I would like to join the Work & Travel program

How to begin

If you would like to join the Work & Travel program, you should begin by researching agents in your home country who send students on the Work & Travel program.  The U.S. Embassy in your country should have a list of approved agents.

Each sponsor only works with a few countries, so you will save a lot of time by finding an agent in your home country who offers the program, rather than contacting many sponsors to try to find someone who works with your country.

ERDT only accepts participants who apply via an agent in their home country.  ERDT receives hundreds of requests from students every week, hoping to apply directly to ERDT without using an agent in their home country, and unfortunately cannot respond to each request.


Applicants to the ERDT program must be a minimum of 18 on their visa interview date at the U.S. embassy, and a maximum of 25 on their program start date.

Participants may work in the U.S. for up to 4 months. They may not work, train or volunteer for their employer before or after the official program dates for their country, nor before or after the official break dates set by their university.

To be eligible for the program, applicants must be able to prove to ERDT and to the U.S. embassy that they are enrolled full-time in an accredited, classroom-based university outside the U.S., having completed at least one semester of study already.

Applicants also must be able to prove to ERDT and to the U.S. embassy that they have sufficient financial resources to support themselves in the U.S., until they receive your first paycheck.

What kind of jobs are acceptable?

ERDT cannot approve jobs:

  • Which are not seasonal;

  • For less than 32 hours of work minimum;

  • Which require participants to work more than 4 hours between 10 pm and 6 am, ever;

  • That pay participants less than a U.S. employee in the same position;

  • With staffing company that does not provide full-time, on-site primary supervision of the participants;

  • With travelling fairs or itinerant concessionaires;

  • As domestic positions in private homes (e.g., child care, elder care, gardener, housekeeper, chauffeur, personal assistant);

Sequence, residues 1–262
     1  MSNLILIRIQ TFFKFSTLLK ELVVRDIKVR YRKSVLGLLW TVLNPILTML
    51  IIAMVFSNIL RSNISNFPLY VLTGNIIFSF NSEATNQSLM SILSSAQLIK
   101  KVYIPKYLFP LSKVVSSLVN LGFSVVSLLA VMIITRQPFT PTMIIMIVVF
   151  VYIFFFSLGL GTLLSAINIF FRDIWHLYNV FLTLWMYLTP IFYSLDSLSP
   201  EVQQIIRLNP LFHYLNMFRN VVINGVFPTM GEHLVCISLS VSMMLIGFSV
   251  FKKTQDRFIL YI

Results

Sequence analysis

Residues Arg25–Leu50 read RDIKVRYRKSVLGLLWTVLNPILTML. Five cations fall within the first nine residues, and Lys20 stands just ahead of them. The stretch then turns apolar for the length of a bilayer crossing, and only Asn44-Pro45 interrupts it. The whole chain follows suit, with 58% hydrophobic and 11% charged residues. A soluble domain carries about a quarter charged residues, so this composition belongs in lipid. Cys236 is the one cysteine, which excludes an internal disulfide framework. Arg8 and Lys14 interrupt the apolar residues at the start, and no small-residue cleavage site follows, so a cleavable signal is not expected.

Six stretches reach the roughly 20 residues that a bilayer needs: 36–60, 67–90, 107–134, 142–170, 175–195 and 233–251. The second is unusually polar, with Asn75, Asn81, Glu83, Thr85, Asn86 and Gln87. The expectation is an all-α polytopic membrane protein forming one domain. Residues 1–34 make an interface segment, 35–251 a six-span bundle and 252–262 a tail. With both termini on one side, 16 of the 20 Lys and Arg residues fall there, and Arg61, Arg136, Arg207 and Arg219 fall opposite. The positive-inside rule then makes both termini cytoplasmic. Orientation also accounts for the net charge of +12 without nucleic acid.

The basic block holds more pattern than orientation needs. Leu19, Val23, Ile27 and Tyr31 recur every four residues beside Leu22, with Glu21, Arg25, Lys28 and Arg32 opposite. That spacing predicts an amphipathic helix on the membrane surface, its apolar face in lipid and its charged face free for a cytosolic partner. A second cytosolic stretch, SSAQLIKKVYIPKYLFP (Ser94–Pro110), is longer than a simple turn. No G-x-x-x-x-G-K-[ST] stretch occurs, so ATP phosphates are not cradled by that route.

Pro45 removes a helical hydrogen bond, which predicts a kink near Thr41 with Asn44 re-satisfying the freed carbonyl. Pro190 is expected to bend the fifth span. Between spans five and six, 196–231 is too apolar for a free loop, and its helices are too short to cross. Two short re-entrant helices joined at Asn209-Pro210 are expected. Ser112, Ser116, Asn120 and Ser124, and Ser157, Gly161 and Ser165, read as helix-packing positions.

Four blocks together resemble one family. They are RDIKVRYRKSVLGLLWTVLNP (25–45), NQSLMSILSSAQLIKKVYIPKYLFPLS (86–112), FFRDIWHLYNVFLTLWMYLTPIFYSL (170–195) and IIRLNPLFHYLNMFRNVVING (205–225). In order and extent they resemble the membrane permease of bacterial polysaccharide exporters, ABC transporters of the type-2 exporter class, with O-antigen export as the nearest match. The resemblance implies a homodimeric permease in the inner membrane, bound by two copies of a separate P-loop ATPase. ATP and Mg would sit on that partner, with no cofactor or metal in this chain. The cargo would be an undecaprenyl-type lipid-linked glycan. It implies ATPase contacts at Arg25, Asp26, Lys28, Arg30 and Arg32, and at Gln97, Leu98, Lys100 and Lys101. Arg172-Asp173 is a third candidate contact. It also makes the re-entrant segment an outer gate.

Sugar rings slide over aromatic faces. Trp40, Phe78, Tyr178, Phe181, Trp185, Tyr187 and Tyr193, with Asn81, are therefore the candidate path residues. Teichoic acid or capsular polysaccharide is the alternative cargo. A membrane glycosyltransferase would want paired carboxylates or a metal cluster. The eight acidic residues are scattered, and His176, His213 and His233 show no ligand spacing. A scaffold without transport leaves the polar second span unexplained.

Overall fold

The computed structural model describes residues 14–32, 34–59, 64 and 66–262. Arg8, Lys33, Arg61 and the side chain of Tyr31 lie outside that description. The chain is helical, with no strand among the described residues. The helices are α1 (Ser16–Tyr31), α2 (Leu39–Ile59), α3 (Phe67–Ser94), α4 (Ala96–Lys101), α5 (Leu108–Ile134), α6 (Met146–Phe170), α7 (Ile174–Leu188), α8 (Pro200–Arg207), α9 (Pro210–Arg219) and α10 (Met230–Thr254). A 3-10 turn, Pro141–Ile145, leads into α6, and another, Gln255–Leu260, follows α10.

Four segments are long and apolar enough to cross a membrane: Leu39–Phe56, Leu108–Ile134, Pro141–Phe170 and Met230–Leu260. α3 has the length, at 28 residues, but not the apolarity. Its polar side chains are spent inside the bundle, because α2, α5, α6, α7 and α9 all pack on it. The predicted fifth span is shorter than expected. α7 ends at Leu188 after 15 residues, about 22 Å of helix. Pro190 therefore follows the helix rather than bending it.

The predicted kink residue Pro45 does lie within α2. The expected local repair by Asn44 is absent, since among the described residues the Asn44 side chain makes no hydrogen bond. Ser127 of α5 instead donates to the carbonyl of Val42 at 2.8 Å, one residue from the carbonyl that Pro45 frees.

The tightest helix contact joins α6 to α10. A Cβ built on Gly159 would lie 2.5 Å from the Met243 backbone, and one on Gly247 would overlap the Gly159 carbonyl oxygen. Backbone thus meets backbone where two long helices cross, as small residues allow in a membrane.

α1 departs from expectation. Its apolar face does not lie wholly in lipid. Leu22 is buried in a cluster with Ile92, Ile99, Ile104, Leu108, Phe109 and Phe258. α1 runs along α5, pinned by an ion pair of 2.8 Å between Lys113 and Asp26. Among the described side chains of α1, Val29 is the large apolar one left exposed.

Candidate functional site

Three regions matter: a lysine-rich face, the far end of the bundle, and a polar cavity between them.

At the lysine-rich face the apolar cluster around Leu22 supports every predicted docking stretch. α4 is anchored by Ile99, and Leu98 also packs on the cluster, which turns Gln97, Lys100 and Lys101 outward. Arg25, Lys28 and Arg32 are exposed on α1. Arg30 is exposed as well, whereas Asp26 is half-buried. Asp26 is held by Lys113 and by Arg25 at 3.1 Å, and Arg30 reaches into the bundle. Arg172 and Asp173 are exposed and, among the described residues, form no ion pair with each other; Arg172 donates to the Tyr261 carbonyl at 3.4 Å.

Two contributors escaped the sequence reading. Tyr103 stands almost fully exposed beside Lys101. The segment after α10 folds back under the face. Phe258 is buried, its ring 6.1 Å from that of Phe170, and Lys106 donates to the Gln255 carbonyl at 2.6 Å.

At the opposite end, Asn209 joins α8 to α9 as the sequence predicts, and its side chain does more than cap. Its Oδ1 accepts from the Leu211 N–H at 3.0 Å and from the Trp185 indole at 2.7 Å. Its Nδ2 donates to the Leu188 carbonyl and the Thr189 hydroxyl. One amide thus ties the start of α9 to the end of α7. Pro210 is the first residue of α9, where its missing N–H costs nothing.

• As drivers or operators of vehicles or vessels, pedicab or rolling chairs or riding on a motor vehicle outside the cab;

  • In the adult entertainment industry or any position that would bring the U.S. Exchange Visitor Program into disrepute;

  • Which require sustained physical contact with people and/or adherence to the CDC Universal Blood & Body Fluid Precautions guidelines (e.g., piercing, tattooing, massage, manicure, clinical or patient care, contaminated laundry);

  • Requiring a license, including any position directly involved with gambling or wagering;

  • As a teacher, intern, trainee, camp counselor or physician;

  • Which require participants to purchase inventory that they must sell in order to support themselves, or positions that are substantially commission-based and do not guarantee minimum wage;

  • In chemical pest control, warehousing, catalogue/online order distribution centers, agriculture, forestry, timber or logging, fishing/hunting, mining/quarrying, oil/gas extraction, construction, manufacturing, wrecking/excavation/demolition, shipbreaking, roofing, forest fire fighting/prevention, slaughtering, meat/poultry/fish packing/processing/ rendering;

  • Operating a saw-, lath-, shingle- or cooperage stock-mill; power-driven woodworking, hoisting, metal forming, punching, shearing, meat processing, bakery or paper-products machines; balers; compactors; operating circular-, band-, chain- or reciprocating-saws, guillotine shears, wood chippers, and abrasive cutting discs; in occupations involving exposure to radioactive substances and to ionizing radiations or close proximity to explosives;

  • At worksites that have experienced layoffs in the past 120 days or that have workers on lockout or on strike;

Please note:

If an employer intentionally provides a false job offer, they risk being implicated in visa fraud.

If a sponsor has reason to suspect that a participant is not being compensated in accordance with Federal, State or local law, the sponsor must contact the state and/or federal Department of Labor.

Participants may not work or volunteer for the employer outside of their program dates.

The participant is employed “at will” and may quit or be fired at any time.d